Abstract: Nowadays, Lean Manufacturing and Industry 4.0 are very important in every country. One of the main benefits is continued market presence. It has been identified that there is a need to change existing educational programs, as well as update the knowledge and skills of existing employees. It should be borne in mind that behind each technological improvement, there is a human being. Human talent cannot be neglected. The main objectives of this article are to review the link between Lean Manufacturing, the incorporation of Industry 4.0 and the steps to follow to implement it; analyze the current situation and study the implications and benefits of this new trend, with a particular focus on Mexico. Lean Manufacturing and Industry 4.0 implementation waves must always take care of the most important capital – intellectual capital. The methodology used in this article comprised the following steps: reviewing the reality of the fourth industrial revolution, reviewing employees’ skills on the journey to become world-class, and analyzing the situation in Mexico. Lean Manufacturing and Industry 4.0 were studied not as exclusive concepts, but as complementary ones. The methodological framework used is focused on motivating companies’ collaborators to guarantee common results, innovate, and remain in the market in the face of new requirements from company stakeholders. The key findings were that both trends emphasize the need to improve communication across the entire company and incorporate new technologies into everyday work, from the shop floor to administrative staff, to help improve processes. Taking care of people, activities and processes will bring a company success. In the specific case of Mexico, companies in all sectors need to be aware of and implement technological improvements according to their specific needs. Low-cost labor represents one of the most typical barriers. In conclusion, companies must build a roadmap according to their strategy and needs to achieve their short, medium- and long-term goals.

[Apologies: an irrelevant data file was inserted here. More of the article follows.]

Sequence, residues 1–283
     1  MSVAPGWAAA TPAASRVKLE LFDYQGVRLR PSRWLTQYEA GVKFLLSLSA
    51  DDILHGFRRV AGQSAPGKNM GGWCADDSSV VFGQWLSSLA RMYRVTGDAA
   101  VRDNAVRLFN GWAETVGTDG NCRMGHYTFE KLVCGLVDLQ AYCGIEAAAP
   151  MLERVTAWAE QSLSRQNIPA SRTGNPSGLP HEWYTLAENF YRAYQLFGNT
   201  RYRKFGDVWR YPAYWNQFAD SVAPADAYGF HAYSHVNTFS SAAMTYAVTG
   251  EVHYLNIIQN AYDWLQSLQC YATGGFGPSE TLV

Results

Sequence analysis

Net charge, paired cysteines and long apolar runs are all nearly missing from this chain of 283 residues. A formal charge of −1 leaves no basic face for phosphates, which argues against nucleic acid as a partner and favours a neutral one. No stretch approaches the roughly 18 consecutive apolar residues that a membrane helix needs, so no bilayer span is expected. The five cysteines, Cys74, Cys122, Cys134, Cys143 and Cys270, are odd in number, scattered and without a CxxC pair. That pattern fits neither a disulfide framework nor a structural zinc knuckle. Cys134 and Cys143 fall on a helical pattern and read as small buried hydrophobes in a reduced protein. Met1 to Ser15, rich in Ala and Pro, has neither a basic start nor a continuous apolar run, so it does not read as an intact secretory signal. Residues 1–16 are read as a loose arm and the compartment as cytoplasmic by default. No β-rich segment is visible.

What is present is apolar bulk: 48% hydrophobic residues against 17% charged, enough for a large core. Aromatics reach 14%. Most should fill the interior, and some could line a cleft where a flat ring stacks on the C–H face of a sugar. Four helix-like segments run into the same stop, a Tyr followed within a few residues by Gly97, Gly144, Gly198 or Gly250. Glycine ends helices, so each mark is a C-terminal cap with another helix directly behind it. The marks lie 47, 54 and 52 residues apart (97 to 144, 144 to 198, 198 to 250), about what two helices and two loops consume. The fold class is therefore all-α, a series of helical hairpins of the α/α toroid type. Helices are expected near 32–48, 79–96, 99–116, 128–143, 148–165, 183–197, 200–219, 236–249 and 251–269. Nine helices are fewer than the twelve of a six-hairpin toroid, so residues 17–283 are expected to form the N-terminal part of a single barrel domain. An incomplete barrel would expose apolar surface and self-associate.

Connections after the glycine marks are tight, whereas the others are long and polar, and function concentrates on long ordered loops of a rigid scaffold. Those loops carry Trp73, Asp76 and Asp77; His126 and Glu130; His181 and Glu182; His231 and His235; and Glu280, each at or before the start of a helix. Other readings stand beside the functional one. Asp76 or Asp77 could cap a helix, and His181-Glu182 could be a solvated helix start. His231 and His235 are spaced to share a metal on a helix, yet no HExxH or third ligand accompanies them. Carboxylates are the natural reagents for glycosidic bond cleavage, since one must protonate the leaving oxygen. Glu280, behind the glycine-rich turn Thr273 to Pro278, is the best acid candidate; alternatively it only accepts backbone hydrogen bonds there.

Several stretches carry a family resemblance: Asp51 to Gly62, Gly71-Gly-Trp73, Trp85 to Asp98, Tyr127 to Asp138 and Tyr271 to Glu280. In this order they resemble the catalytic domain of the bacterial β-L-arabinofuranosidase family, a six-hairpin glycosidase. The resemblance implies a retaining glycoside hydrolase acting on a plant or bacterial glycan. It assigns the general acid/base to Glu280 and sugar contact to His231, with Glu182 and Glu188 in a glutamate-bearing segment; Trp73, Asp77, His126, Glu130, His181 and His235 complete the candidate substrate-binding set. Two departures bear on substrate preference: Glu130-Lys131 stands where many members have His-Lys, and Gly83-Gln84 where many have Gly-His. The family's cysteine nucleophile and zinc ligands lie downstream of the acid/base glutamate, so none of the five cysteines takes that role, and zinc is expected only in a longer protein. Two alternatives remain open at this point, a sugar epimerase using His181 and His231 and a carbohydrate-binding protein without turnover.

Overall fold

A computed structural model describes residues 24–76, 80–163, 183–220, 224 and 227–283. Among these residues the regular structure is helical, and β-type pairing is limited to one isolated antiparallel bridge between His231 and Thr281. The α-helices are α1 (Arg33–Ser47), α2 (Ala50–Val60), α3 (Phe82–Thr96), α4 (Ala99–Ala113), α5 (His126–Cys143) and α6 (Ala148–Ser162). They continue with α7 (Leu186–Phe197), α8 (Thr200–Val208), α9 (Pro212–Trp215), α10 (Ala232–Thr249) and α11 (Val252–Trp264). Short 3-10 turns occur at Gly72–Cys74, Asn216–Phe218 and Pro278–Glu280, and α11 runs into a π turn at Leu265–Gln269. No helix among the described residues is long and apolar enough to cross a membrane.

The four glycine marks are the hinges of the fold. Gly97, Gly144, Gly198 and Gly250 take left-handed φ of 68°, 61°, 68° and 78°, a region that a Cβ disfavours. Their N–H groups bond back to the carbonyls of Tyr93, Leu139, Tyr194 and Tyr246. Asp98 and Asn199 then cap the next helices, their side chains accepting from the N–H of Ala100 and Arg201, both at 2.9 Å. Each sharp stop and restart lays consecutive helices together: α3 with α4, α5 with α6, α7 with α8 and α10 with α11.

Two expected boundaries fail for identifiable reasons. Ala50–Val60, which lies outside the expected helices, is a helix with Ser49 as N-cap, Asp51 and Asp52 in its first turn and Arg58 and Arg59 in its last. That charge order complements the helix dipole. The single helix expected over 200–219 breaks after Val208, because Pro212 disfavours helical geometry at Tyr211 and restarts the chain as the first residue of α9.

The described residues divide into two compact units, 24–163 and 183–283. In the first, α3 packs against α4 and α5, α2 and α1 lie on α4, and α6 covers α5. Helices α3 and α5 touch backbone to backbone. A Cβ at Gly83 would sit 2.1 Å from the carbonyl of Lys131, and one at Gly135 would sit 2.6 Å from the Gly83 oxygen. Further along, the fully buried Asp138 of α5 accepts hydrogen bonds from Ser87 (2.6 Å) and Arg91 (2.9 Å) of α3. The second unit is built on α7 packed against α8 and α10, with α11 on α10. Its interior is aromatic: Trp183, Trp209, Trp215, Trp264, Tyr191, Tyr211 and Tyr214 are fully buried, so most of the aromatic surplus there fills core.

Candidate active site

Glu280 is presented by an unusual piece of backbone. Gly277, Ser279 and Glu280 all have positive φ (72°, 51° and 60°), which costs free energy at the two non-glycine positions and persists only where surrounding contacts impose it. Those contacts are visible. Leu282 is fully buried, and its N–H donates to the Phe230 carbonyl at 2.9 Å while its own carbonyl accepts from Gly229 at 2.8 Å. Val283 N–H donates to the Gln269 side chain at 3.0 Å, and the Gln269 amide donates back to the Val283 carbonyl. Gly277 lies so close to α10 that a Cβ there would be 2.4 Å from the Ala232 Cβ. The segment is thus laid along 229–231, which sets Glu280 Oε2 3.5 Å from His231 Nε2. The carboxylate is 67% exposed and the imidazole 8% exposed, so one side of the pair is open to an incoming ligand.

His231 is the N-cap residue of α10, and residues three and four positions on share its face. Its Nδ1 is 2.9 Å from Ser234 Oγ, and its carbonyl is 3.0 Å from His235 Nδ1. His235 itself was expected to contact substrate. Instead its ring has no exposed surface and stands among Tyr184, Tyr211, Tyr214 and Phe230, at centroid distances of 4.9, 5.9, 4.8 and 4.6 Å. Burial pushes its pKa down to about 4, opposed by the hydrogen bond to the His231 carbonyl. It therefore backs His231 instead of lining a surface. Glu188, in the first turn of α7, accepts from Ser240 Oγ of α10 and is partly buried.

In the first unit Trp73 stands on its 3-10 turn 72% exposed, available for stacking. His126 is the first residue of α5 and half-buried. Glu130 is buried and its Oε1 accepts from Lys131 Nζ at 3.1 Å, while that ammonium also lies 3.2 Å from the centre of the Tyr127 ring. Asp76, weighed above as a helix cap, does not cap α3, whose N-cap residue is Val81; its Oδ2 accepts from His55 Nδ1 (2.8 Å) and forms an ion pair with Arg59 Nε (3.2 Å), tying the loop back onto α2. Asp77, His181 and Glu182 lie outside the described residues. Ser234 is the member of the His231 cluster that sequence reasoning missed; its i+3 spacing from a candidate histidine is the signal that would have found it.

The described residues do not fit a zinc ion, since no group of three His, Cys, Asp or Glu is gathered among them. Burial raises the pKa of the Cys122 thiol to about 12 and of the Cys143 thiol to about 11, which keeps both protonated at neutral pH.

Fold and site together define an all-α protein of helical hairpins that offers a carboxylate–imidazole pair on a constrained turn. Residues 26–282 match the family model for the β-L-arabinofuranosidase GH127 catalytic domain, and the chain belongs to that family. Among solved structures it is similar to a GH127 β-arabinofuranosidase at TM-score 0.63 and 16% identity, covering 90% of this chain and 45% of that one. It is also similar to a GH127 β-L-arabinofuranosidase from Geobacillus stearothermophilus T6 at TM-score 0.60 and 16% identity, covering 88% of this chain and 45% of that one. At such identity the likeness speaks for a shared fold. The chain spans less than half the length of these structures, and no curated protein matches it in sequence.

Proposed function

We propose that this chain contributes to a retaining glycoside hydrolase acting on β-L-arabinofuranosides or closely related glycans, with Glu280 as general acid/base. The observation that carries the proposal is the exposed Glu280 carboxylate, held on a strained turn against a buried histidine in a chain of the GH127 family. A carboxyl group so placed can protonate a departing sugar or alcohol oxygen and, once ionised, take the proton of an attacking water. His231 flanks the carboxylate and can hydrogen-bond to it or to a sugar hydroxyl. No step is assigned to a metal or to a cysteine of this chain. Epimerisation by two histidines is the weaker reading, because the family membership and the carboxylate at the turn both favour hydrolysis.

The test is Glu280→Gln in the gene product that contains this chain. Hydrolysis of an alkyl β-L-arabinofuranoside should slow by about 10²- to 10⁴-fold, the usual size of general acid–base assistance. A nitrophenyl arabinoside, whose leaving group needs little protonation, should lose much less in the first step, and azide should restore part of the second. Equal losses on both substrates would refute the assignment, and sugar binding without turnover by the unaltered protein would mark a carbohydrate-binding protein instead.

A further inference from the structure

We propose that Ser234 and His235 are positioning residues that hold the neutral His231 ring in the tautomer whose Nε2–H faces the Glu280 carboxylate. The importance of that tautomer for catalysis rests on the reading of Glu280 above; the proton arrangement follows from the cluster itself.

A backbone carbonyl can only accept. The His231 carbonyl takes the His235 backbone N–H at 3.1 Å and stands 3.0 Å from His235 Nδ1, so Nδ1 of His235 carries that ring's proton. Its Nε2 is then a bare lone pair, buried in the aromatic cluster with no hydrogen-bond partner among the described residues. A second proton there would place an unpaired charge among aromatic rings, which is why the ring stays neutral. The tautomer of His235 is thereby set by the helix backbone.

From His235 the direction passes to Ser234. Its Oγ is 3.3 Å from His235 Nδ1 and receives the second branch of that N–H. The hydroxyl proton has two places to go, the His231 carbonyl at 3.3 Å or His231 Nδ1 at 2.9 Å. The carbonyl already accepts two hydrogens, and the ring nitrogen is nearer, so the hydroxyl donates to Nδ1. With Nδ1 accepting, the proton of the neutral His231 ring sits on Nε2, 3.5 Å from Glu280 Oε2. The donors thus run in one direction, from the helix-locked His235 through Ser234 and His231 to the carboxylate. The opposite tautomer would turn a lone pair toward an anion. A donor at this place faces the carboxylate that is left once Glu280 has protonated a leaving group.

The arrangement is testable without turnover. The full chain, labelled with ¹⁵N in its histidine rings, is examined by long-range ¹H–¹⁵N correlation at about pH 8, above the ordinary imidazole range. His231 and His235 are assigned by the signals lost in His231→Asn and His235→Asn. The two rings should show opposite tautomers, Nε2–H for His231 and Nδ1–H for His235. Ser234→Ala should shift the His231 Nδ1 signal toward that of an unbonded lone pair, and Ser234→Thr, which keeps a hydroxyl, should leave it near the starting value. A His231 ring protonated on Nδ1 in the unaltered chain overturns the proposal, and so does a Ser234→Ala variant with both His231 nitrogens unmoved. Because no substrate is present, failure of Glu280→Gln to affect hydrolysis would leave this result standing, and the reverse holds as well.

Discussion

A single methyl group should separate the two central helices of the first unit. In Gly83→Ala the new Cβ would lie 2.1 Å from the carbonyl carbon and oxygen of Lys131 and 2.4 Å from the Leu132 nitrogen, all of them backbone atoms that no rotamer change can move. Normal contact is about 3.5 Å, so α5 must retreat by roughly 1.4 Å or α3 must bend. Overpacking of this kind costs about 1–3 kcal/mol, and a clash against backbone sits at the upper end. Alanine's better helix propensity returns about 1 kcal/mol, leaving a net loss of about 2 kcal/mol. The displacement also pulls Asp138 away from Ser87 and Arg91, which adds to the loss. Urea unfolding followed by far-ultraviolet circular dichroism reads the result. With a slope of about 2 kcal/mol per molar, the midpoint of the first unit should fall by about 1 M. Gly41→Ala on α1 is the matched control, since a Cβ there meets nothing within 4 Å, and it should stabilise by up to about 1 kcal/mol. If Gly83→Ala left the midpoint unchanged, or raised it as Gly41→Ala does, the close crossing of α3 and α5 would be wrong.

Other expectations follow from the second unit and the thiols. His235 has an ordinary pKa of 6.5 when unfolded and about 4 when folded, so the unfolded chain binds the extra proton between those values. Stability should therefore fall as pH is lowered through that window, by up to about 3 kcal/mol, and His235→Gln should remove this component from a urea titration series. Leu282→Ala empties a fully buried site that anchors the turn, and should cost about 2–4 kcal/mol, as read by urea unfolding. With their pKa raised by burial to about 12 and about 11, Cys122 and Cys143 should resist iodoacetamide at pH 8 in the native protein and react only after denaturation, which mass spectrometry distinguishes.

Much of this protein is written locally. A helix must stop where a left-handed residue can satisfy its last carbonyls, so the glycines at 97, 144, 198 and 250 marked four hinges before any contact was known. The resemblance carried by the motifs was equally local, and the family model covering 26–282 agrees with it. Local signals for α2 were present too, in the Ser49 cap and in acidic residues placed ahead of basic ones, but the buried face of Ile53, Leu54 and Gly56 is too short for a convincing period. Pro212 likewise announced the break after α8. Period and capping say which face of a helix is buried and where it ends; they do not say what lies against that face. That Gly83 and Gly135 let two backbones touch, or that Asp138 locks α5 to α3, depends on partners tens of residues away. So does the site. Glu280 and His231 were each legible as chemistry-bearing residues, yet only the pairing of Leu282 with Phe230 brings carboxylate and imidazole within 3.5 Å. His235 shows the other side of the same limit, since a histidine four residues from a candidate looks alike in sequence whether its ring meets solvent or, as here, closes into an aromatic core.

Abstract: Purpose: Drug gingival hyperplasia is an uncommon pathology encountered during routine work in dental units. The purpose of this paper is to present the clinical appearance of gingival hyperplasia caused by medications. There are already three classes of medications that cause hyperplasia and based on data from the literature, the clinical cases encountered and included in this study have been compared. Materials and Methods: The study was conducted in a total of 311 patients, out of which 182 patients were included in our study, meeting the inclusion criteria. After each patient's history was recorded and it was found that patients were in their knowledge of chronic illness, undergoing treatment of gingivitis hypertrophic drugs was performed with a clinical examination of oral cavity and assessment by vertical and horizontal evaluation according to the periodontal indexes. Results: Of the data collected during the study, it was observed that 97% of patients with gingival hyperplasia are treated with nifedipine. 84% of patients treated with selected medicines and gingival hyperplasia in the oral cavity has been exposed at time period for more than 1 year and 1 month. According to the GOI, in the first rank of this index are about 21% of patients, in the second rank are 52%, in the third rank are 24% and in the fourth grade are 3%. According to the horizontal growth index of gingival hyperplasia, grade 1 included about 61% of patients and grade 2 included about 39% of patients with gingival hyperplasia. Bacterial index divides patients by degrees: grading 0 - 8.2%, grading 1 - 32.4%, grading 2 - 14% and grading 3 - 45.1%. Conclusions: The highest percentage of gingival hyperplasia caused by drugs is due to dosing of nifedipine for a duration of dosing and application for systemic healing for more than 1 year.